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The big shareholder groups in VOXX International Corporation (NASDAQ:VOXX) have power over the company. Generally speaking, as a company grows, institutions will increase their ownership. Conversely, insiders often decrease their ownership over time. Warren Buffett said that he likes "a business with enduring competitive advantages that is run by able and owner-oriented people." So it's nice to see some insider ownership, because it may suggest that management is owner-oriented.
With a market capitalization of US$529m, VOXX International is a small cap stock, so it might not be well known by many institutional investors. In the chart below, we can see that institutions own shares in the company. We can zoom in on the different ownership groups, to learn more about VOXX International.
What Does The Institutional Ownership Tell Us About VOXX International?
Institutional investors commonly compare their own returns to the returns of a commonly followed index. So they generally do consider buying larger companies that are included in the relevant benchmark index.
We can see that VOXX International does have institutional investors; and they hold a good portion of the company's stock. This can indicate that the company has a certain degree of credibility in the investment community. However, it is best to be wary of relying on the supposed validation that comes with institutional investors. They too, get it wrong sometimes. When multiple institutions own a stock, there's always a risk that they are in a 'crowded trade'. When such a trade goes wrong, multiple parties may compete to sell stock fast. This risk is higher in a company without a history of growth. You can see VOXX International's historic earnings and revenue below, but keep in mind there's always more to the story.
We note that hedge funds don't have a meaningful investment in VOXX International. The company's largest shareholder is John Shalam, with ownership of 18%. With 17% and 13% of the shares outstanding respectively, Kähli Holding AG and Kahn Brothers Advisors LLC are the second and third largest shareholders. Furthermore, CEO Patrick Lavelle is the owner of 1.4% of the company's shares.
To make our study more interesting, we found that the top 4 shareholders control more than half of the company which implies that this group has considerable sway over the company's decision-making.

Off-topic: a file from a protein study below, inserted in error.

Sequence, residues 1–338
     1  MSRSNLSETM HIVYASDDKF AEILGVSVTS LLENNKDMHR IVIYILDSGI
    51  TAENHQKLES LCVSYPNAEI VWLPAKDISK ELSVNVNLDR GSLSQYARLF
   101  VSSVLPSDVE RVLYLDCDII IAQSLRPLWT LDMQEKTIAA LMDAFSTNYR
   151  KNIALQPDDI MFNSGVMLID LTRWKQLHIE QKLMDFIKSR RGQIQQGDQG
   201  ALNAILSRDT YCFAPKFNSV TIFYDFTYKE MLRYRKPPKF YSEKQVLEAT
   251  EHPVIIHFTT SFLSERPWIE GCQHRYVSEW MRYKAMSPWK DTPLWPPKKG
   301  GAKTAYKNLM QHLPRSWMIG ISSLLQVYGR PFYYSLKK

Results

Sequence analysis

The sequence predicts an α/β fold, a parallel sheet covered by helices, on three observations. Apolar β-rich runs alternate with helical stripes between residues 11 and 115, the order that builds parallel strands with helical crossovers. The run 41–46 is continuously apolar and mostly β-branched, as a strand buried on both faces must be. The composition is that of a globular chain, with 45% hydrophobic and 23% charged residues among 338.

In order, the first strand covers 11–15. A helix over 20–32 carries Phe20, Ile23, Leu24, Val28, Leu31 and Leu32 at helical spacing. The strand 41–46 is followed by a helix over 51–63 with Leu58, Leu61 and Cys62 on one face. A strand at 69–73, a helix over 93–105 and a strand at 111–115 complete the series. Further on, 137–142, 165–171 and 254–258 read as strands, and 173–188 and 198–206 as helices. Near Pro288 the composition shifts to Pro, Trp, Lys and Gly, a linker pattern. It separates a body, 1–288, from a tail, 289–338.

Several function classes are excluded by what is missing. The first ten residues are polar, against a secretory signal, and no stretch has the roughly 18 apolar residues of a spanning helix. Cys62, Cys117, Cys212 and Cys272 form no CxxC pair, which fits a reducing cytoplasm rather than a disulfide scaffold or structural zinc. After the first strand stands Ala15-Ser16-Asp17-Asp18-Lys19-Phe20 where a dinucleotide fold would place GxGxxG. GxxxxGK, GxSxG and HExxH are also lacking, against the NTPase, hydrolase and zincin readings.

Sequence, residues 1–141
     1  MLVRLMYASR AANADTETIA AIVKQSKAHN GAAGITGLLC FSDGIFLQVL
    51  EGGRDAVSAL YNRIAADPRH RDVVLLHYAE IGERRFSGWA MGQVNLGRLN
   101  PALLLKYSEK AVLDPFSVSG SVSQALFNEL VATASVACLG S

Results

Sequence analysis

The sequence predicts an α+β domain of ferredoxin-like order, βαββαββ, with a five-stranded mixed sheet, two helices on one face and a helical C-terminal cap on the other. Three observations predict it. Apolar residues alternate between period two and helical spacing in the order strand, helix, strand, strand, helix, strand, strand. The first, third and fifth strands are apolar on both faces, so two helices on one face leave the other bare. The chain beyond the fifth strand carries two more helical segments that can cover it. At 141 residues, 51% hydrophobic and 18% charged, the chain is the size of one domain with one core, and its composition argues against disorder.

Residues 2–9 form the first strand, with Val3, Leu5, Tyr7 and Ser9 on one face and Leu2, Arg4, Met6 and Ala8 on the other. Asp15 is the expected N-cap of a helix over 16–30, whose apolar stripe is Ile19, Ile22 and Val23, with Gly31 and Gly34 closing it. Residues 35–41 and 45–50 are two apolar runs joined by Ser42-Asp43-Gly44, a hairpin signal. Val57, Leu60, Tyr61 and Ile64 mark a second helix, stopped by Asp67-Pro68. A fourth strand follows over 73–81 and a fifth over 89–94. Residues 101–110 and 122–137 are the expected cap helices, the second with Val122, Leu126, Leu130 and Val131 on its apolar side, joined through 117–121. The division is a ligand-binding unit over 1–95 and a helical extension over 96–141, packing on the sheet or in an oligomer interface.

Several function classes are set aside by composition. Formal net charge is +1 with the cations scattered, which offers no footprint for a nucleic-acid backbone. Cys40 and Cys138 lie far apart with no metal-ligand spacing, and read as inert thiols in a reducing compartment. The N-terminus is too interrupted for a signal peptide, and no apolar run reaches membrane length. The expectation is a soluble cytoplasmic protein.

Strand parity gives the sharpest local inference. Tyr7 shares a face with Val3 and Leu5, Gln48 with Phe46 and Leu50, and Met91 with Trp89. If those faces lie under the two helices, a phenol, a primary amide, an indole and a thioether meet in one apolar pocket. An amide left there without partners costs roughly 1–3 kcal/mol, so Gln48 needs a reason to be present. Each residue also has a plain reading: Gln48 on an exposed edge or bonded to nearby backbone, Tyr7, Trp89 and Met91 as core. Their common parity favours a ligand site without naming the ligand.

While it makes sense to study institutional ownership data for a company, it also makes sense to study analyst sentiments to know which way the wind is blowing. As far I can tell there isn't analyst coverage of the company, so it is probably flying under the radar.
Insider Ownership Of VOXX International
The definition of an insider can differ slightly between different countries, but members of the board of directors always count. Management ultimately answers to the board. However, it is not uncommon for managers to be executive board members, especially if they are a founder or the CEO.
Most consider insider ownership a positive because it can indicate the board is well aligned with other shareholders. However, on some occasions too much power is concentrated within this group.
Our information suggests that insiders maintain a significant holding in VOXX International Corporation. Insiders have a US$111m stake in this US$529m business. I would say this shows alignment with shareholders, but it is worth noting that the company is still quite small; some insiders may have founded the business. You can click here to see if those insiders have been buying or selling.
General Public Ownership
The general public holds a 14% stake in VOXX International. This size of ownership, while considerable, may not be enough to change company policy if the decision is not in sync with other large shareholders.
Private Company Ownership
We can see that Private Companies own 17%, of the shares on issue. It might be worth looking deeper into this. If related parties, such as insiders, have an interest in one of these private companies, that should be disclosed in the annual report. Private companies may also have a strategic interest in the company.
While it is well worth considering the different groups that own a company, there are other factors that are even more important. For example, we've discovered 2 warning signs for VOXX International (1 is significant!) that you should be aware of before investing here.
Of course, you might find a fantastic investment by looking elsewhere. So take a peek at this free list of interesting companies.
NB: Figures in this article are calculated using data from the last twelve months, which refer to the 12-month period ending on the last date of the month the financial statement is dated. This may not be consistent with full year annual report figures.
This article by Simply Wall St is general in nature. It does not constitute a recommendation to buy or sell any stock, and does not take account of your objectives, or your financial situation. We aim to bring you long-term focused analysis driven by fundamental data. Note that our analysis may not factor in the latest price-sensitive company announcements or qualitative material. Simply Wall St has no position in any stocks mentioned.
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